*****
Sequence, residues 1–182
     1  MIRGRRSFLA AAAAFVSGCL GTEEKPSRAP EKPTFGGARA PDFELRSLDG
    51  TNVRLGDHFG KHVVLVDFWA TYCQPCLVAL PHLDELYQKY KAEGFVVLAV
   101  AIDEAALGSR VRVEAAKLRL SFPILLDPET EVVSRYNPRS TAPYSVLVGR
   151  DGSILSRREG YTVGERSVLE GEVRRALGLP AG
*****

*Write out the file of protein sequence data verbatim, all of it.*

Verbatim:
Sequence, residues 1–182
     1  MIRGRRSFLA AAAAFVSGCL GTEEKPSRAP EKPTFGGARA PDFELRSLDG
    51  TNVRLGDHFG KHVVLVDFWA TYCQPCLVAL PHLDELYQKY KAEGFVVLAV
   101  AIDEAALGSR VRVEAAKLRL SFPILLDPET EVVSRYNPRS TAPYSVLVGR
   151  DGSILSRREG YTVGERSVLE GEVRRALGLP AG